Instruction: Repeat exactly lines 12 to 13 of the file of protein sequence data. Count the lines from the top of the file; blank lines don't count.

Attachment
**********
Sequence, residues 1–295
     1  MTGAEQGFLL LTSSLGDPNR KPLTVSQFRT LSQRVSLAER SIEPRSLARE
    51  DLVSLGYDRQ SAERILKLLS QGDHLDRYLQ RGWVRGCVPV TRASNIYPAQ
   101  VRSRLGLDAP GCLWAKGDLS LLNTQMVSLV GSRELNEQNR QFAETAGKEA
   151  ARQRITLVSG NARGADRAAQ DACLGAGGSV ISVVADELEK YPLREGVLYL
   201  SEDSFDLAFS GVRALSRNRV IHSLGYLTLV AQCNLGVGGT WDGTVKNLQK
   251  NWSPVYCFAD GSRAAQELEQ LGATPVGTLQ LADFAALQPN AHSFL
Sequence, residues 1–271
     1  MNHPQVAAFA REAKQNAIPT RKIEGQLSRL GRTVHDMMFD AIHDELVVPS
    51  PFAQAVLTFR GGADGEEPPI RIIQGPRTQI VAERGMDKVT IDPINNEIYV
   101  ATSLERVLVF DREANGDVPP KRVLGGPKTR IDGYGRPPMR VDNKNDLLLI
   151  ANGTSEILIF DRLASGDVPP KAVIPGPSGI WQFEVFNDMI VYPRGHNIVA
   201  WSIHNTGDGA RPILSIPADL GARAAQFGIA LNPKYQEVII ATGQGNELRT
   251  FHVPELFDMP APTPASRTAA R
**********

   151  ANGTSEILIF DRLASGDVPP KAVIPGPSGI WQFEVFNDMI VYPRGHNIVA
   201  WSIHNTGDGA RPILSIPADL GARAAQFGIA LNPKYQEVII ATGQGNELRT